Record Global Inflation and Expected Future Developments

The new decade welcomed us with the COVID-19 pandemic, weighing down on the aspirations for growth. There were winners, such as the big pharma, technology and e-commerce, and there were sore losers, like the tourism & aviation sectors.

After the timely macroeconomic recovery, another crippling recession in 2022 was bestowed, and there weren’t many winners this time. Magnifying the effects of the virus, Russia’s invasion of Ukraine led to global economic slowdown, which turned into nation-wide recessions. US & EU-led sanctions on Russia disallowed business, including investments, imports & exports.

Prevalent energy shortages have been exacerbated which prompted the vicious rise in oil prices, amid high demand & tight supply. This led to inflation, which has been climbing since the start of 2022. There’s hope of a quick recovery, as central banks are here to save the day.

Will inflation get out of control?

This depends both on the distribution of shocks to the economy & how central banks react. Record-high inflation has driven central banks to hike interest rates as the weapon of choice.

U.S. Inflation

The U.S. Federal Reserve bumped its benchmark rate by 25 basis points in March to tame the rise of consumer prices. In May, the 50 basis points increase marked the largest rate hike in over 20 years.

Things remained out of control, and the Fed spiked its rates by 75 basis points in June; an initiative never done since 1994. Inflation in the United States was at 9.1%, which marked the largest yearly increase in 40 years. Americans consider inflation to be the nation's most serious problem, and President Joe Biden stated that addressing the issue is his top domestic priority.

Signs of hope were seen in July. Investors expected a large rate hike, which was exactly the case when the Fed boosted the rate by 75 basis points, and it wasn’t a surprise this time. Inflation eased to 8.5% amid slumping energy prices.

On August 17th, Joe Biden signed the Inflation Reduction Act into law, enabling a $369 billion investment in climate and energy initiatives, a $64 billion fund to reduce health insurance costs and a 15% corporate minimum tax on companies which earn over $1 billion a year.

European Inflation

The rising prices of goods & services has plagued the European continent not just in 2022, but since last year. A deteriorating euro witnessed its value to equate to the U.S. dollar for the first time in 20 years. In June, European consumer prices soared to 9.6%; an all-time high.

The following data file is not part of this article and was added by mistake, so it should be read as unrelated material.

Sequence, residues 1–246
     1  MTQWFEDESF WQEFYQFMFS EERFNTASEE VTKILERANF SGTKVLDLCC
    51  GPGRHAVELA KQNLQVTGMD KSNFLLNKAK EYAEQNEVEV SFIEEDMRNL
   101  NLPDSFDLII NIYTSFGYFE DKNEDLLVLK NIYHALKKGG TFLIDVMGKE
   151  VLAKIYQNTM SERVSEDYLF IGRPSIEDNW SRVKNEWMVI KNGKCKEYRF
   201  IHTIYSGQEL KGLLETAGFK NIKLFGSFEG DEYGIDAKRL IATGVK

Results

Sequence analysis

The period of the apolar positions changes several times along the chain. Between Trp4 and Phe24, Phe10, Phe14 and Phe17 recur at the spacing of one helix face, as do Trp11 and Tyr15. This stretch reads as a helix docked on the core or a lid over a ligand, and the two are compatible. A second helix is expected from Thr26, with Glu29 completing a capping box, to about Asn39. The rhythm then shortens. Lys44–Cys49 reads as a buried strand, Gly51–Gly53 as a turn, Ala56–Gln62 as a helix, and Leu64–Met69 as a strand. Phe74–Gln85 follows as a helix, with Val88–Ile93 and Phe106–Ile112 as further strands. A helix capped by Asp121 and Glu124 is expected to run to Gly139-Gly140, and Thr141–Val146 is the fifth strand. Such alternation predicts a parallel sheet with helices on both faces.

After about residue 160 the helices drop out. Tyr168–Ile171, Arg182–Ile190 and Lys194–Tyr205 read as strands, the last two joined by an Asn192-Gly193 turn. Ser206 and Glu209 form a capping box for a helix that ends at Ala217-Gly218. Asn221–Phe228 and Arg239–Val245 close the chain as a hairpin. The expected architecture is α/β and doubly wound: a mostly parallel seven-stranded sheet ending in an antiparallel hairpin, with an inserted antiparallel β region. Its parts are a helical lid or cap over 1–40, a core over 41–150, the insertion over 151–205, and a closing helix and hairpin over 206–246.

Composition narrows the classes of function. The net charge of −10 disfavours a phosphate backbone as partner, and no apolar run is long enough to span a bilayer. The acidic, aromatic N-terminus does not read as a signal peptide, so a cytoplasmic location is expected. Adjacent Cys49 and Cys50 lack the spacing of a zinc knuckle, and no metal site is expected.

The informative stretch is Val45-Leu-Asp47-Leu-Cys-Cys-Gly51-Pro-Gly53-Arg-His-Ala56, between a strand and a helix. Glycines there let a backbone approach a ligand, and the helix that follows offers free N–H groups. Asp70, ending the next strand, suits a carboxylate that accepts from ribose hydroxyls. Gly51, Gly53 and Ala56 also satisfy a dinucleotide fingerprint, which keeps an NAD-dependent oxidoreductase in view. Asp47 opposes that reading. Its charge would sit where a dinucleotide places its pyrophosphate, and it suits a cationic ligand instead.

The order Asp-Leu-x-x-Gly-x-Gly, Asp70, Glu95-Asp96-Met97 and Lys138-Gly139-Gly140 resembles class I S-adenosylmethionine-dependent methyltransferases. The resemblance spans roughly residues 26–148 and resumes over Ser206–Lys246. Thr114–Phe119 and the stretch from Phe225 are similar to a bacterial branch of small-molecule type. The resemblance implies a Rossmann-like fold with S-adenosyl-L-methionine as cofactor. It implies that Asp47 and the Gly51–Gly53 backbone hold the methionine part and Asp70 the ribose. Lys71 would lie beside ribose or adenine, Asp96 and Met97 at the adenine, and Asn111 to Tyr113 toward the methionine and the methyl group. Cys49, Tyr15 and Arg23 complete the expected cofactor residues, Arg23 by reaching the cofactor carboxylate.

The European Central Bank (ECB) hasn’t increased the benchmark rate in 11 years, but this recession was looking too calamitous to just sit back and relax. On July 21st, the ECB escalated rates by a larger-than-expected increment of 50 basis points to combat inflation.

Recently, the United Kingdom has witnessed double-digit inflation for the first time in four decades, spiraling to 10.1% in July due to surging food and fuel prices. This comes hand-in-hand with the many travelers flocking to the nation, as the prices of air fares have also grown.  The Bank of England (BoE) hasn’t been reluctant to hike rates. It raised the cost of borrowing six times since December but the economy remains crippled in many aspects.

Is the economy recovering?


What’s interesting about this recession is that there have been quick recoveries, which is uncommon to previous downturns. After the 2008 financial crisis, it took major economies over four years to fully recover. Using the renowned S&P 500 index as a representation, it recovered over half of its losses in a matter of two months.

Nowadays, people are more willing to spend & invest, which wasn’t the case in earlier decades. Unemployment remains generally low across the globe, and global economies are recovering faster. Tourism in Europe surpassed pre-pandemic levels, factory activity in Asia remains robust, and despite rising COVID cases in China, things seem to be more on the positive side.

A lot actually depends on the United States doing better, and how Europe will diminish its energy dependency on Russia. A concerning 40% of Europe’s total gas consumption in 2021 is that of Russian natural gas. So, winter represents the major turning point for not just Europe, but the interconnected global economy as a whole.


The material herein is considered as marketing communication under the relevant laws and regulations, and as such is not a subject to any prohibition on dealing ahead of the dissemination of investment research. It has not been prepared in accordance with legal requirements designed to promote the independence of investment research and should not be construed as containing investment advice, or an investment recommendation, or an offer of or solicitation for any transactions in financial instruments. The published content is intended for educational/informational purposes only. It does not take into account readers’ financial situation, personal experience or investment objectives. APME FX Trading Europe Ltd makes no representation that the information provided is accurate, current or complete; and therefore, assumes no liability for any losses arising from investments based on the supplied content. The past performance is not a guarantee of future results.


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